[There has been almost no coverage of the brutal crackdowns by the dictatorship in Bahrain in the mainstream media, especially in the United States. This is because the monarchy there is an ally of the Gulf States and the United States. The majority of the population there are Shia. They are ruled over by a pro-Western, sectarian monarch. — NP]
Bahrain protesters clash with police
Bahraini police fired tear gas and birdshot during overnight clashes with protesters demanding the release of jailed opposition activists, wounding several demonstrators, witnesses said on Friday.
The clashes broke out in Shiite villages around the capital Manama when hundreds of demonstrators flooded the streets chanting anti-regime slogans and calling on the authorities to release the prisoners, the witnesses said.
It was not immediately clear how many people were wounded in the clashes on Thursday night. The sources said the injured could not be taken to hospital for treatment for fear that police would arrest them.
“With our blood and our souls, we will avenge the martyrs,” sang the demonstrators, some of whom were masked. “Down With Hamad,” they chanted in reference to the Shiite-majority Gulf state’s Sunni ruler, King Hamad.
Demonstrators held up pictures of prominent human rights activist Nabeel Rajab, who was arrested last Saturday for tweets deemed insulting to the government.
On Friday, hundreds of opposition supporters held fresh protests in the Shiite village of Karzakan, southwest of Manama, before dispersing without incident, according to witnesses.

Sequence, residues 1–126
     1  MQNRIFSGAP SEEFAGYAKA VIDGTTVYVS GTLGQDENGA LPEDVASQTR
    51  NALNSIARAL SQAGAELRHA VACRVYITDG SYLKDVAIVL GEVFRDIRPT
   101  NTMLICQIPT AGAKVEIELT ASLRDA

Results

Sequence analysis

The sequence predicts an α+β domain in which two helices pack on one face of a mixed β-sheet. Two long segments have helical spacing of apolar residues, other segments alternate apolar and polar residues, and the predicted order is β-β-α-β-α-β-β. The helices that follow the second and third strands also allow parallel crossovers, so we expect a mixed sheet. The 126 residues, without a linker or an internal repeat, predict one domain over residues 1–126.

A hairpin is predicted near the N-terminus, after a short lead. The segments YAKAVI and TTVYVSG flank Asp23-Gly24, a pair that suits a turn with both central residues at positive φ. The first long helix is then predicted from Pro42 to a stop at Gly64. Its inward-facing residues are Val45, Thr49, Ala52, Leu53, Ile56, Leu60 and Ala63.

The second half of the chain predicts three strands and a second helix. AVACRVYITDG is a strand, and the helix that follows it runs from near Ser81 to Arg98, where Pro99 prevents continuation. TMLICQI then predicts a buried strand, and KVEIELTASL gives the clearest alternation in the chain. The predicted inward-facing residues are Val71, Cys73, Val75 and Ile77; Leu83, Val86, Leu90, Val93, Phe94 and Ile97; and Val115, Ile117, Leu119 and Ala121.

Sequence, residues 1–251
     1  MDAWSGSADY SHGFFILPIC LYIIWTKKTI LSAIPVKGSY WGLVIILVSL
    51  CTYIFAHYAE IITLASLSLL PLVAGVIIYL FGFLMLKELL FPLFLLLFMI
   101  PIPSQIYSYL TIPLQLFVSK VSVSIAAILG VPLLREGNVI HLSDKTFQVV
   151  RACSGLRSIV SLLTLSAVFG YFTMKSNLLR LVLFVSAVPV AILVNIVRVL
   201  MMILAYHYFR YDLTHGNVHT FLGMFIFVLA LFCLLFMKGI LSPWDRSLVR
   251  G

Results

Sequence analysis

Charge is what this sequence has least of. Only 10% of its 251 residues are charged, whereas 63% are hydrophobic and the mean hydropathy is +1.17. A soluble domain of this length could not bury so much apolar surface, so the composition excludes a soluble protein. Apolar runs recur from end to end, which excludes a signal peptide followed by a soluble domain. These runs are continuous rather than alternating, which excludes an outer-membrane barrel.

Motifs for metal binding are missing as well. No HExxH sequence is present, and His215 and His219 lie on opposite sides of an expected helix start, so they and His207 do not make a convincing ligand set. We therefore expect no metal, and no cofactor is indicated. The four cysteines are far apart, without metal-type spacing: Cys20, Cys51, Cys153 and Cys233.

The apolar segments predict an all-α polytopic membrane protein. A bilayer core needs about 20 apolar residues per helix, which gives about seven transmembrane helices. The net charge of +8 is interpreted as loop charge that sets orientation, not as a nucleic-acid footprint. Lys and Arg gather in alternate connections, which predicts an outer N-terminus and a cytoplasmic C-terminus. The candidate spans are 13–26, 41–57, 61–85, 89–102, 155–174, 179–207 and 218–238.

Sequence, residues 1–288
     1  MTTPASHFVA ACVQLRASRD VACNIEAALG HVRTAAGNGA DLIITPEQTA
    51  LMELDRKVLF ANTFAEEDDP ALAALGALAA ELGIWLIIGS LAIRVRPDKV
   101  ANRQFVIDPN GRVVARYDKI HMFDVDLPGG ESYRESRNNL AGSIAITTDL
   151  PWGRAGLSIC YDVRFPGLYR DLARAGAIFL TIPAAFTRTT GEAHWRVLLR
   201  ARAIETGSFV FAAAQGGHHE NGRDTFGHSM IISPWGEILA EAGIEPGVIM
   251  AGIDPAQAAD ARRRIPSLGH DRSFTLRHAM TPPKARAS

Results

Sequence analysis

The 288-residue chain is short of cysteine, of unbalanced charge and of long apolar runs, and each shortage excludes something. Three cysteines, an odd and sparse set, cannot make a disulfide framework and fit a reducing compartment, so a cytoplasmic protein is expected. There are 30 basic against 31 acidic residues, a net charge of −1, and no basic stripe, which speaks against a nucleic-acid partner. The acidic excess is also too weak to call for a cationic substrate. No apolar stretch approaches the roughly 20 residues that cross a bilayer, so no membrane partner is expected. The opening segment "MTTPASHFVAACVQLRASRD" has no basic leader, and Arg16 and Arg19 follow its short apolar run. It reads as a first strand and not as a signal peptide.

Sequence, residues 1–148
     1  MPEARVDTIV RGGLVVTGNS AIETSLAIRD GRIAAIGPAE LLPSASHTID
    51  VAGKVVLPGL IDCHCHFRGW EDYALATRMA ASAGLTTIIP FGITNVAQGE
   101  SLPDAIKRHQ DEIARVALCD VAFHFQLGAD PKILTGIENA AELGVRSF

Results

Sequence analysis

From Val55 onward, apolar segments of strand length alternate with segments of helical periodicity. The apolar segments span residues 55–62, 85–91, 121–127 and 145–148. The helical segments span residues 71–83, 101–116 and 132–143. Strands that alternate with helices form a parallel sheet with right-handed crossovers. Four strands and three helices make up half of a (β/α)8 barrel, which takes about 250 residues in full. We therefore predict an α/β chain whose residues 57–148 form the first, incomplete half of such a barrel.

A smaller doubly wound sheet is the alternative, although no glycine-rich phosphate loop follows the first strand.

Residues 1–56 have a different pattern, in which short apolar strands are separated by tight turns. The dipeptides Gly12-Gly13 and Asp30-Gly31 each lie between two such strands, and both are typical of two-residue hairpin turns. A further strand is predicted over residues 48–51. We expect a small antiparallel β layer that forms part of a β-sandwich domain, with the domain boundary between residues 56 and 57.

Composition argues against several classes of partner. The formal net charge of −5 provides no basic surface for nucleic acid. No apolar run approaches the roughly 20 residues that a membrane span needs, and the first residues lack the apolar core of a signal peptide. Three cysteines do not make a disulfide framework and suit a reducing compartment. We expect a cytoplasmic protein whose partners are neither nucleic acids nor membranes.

“The people have chosen democracy and will not give up,” their banners read.
Amnesty International has urged Bahrain to free Rajab immediately.
“Nabeel Rajab is a prisoner of conscience and he must be immediately and unconditionally released,” said Philip Luther, head of the London-based watchdog’s Middle East and North Africa programme.
Rajab, who heads the Bahrain Centre for Human Rights, was arrested at Manama airport after returning from a trip to Denmark, Sweden and Lebanon.
He is among a number of prominent opposition figures detained by the authorities. Others include leading activist Abdulhadi al-Khawaja, who has been on hunger strike since February.
Khawaja, who has become a symbol of the opposition movement, was arrested in April 2001 shortly after the authorities crushed month-long Shiite protests in a crackdown that killed 35 people, according to an independent inquiry.
Amnesty says in total 60 people have been killed since the protests began in February last year.
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